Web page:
Forming a new company can be a rewarding journey. However, some business owners get confused with the type of business structure they want to go by. Should they register as a company? Or start as a sole proprietorship?
The National Small Business Association (NSBA) found that 35% of U.S. businesses were registered as LLCs. More recently, census.gov reported that “Business Applications for July 2022, adjusted for seasonal variation, were 425,698, an increase of 3.7% compared to June 2022.”
Is it safe to assume that LLCs are the better choice when setting up a business?
Truth is, every business structure has its pros and cons. However, an LLC will offer business owners more protection in terms of personal responsibilities relating to debts and liabilities.
So, what is a limited liability company (LLC)?
Simply put, LLCs are organizations that combine the characteristics of a corporation with those of a partnership or sole proprietorship.
The biggest advantage of an LLC comes from being a ‘limited liability’. It protects the owner’s personal assets from creditors in cases where they can’t pay their debts. What’s more, LLCs have flexible tax options such as ‘pass-through taxation’. This is a process where LLCs can forgo paying corporate taxes but instead pass profits through the owner’s income.
If you’re forming a new company and are thinking of becoming an LLC, here’s a handy checklist you can use to successfully register your business.
Choose a business name
The name of your business plays a vital role in the success of your business. It separates your business from competitors and gives your business an identity. Your business name is the first thing your customers will see. Keep it simple and make sure it grabs your customer’s attention.
To help you craft the perfect business name, here are some tips you can use before forming a new company:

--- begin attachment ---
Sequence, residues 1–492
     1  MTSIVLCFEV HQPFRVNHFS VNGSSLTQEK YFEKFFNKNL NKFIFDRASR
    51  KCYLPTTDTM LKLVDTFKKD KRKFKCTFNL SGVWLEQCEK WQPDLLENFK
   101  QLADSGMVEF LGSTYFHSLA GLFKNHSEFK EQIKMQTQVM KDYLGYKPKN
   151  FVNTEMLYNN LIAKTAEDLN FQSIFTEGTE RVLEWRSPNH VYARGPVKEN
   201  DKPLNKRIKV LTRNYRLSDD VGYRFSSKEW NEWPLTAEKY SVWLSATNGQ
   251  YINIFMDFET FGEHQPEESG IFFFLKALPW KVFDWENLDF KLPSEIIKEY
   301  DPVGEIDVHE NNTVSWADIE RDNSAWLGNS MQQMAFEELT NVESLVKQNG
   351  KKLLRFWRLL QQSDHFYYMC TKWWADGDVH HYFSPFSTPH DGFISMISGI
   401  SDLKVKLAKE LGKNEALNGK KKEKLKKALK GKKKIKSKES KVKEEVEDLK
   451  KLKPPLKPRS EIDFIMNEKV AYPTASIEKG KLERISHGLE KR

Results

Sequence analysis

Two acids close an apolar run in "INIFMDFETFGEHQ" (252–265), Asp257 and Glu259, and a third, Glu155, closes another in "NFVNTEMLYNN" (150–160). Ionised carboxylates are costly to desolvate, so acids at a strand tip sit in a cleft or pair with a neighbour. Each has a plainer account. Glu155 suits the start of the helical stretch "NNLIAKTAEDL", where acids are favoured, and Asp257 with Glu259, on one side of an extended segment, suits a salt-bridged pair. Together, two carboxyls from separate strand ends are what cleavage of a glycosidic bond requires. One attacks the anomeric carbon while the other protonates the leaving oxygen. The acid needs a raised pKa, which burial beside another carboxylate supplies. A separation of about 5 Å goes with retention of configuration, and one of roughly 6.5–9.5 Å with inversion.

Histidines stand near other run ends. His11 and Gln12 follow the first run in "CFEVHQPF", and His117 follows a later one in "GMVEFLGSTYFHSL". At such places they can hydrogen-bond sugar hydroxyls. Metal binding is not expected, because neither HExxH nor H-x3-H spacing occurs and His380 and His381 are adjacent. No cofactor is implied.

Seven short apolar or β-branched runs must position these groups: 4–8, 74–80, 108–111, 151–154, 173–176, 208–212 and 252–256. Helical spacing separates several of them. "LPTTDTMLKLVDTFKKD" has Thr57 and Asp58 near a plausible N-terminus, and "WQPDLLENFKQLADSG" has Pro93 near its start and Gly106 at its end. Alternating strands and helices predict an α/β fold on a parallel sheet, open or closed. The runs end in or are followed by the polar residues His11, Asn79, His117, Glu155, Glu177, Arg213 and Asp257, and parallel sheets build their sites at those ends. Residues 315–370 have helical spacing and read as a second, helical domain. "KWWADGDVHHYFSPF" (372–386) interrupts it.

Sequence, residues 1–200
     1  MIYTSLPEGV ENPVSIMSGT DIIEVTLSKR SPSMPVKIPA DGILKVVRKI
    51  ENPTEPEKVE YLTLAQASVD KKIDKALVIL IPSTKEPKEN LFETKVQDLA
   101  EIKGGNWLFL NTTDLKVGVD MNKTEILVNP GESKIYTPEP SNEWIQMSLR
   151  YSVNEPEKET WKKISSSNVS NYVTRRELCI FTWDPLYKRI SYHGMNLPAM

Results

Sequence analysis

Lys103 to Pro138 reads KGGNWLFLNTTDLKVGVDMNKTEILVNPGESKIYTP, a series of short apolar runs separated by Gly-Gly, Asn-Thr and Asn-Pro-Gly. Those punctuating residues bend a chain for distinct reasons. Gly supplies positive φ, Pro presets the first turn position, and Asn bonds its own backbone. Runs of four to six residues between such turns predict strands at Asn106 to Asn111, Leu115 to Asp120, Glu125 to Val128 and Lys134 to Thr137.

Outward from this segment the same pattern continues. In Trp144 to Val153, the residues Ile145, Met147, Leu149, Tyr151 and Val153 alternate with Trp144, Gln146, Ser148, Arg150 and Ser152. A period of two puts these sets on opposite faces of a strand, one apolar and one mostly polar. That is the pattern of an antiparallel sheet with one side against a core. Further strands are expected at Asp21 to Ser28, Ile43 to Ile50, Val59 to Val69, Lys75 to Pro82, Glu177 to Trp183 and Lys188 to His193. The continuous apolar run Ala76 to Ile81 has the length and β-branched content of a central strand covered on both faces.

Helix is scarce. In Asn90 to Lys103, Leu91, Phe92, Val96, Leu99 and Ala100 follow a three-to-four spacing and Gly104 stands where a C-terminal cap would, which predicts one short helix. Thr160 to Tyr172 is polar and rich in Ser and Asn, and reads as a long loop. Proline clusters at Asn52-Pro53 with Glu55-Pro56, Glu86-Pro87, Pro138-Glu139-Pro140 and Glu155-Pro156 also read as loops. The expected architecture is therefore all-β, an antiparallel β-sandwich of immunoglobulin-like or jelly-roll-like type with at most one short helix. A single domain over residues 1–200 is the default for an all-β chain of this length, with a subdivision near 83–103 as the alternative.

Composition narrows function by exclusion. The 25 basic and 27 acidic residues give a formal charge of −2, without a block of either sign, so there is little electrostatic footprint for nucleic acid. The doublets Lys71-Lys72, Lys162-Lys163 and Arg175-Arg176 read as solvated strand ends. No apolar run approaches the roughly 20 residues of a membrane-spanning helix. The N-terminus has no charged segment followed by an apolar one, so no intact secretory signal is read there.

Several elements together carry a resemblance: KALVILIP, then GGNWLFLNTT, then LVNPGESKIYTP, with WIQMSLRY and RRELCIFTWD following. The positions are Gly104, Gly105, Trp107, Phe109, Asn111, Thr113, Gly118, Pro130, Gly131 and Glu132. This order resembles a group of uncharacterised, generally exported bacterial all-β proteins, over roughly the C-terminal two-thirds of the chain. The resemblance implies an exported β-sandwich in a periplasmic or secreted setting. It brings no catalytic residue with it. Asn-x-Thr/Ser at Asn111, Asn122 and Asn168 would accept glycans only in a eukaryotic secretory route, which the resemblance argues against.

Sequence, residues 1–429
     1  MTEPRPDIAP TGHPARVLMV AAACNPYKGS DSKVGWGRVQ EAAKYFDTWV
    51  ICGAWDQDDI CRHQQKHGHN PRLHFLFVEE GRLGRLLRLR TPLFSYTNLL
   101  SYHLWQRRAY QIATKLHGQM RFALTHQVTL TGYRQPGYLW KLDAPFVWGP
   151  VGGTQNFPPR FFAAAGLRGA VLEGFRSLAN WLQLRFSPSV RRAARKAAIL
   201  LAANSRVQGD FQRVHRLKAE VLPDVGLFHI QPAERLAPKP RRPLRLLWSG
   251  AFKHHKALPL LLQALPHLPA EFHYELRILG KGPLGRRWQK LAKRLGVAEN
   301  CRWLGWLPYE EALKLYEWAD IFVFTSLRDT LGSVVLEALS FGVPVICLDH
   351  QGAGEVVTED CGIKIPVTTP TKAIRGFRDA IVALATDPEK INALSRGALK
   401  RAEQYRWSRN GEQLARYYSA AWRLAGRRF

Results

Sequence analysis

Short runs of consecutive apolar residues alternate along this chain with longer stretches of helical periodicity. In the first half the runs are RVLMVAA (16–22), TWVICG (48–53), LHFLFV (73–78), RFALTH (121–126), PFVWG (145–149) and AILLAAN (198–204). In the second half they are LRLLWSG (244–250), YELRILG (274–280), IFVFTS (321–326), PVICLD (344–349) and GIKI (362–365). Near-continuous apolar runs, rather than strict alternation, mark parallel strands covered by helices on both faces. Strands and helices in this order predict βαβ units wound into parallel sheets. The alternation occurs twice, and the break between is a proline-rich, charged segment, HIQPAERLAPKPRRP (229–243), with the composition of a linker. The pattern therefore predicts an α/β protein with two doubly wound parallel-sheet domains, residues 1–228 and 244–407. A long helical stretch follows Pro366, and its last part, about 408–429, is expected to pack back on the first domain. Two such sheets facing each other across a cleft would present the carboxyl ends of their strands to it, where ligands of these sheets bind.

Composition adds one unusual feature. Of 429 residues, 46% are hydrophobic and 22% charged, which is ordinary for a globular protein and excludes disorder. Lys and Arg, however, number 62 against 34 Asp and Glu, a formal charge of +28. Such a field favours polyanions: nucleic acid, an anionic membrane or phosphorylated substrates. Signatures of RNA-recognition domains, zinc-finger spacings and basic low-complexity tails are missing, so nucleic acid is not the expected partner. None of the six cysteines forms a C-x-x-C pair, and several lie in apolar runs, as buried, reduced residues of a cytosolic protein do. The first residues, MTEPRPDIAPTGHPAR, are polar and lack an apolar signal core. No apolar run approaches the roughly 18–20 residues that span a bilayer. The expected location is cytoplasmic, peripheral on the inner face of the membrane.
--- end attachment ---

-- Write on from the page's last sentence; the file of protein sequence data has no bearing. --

- Consider the brand’s global shelf life
- Gather input from international customers
- Research your competitors
- Follow state laws on how to name a business
- Understand the SEO landscape
- Search for trademarks
- Ask for feedback
* Note: An appropriate designator, such as “Limited Liability Company” or “Ltd. Liability Co.”, at the end of the business name is required in most states.
Select an LLC management structure
Now that you have a name, it’s time to choose your management structure. An LLCs organizational structure is more modern compared to corporations. LLCs are managed by individuals who each have an ownership interest in the company. A management structure for an LLC can either be member-managed or manager-managed.
Every business will always have its own specific needs. Here’s a list of the pros and cons of each type to consider before forming a new company:
- All members have equal say in the decision-making process of the business
- Suitable for LLCs with only a few members
- Members have to work together in running the business
- More difficult to attract investors
- Attracts more passive investors
- Limits the management to a small group of reliable people
- Managers can make simple and swift decisions
- Cuts the owner’s decision-making power
- Tasks and duties of a manager need to be perfectly outlined
- The cost to hire a manager may be too much for a startup
Hire a registered agent
As you already know, the biggest roadblock in starting a business is making sure all legal requirements are followed.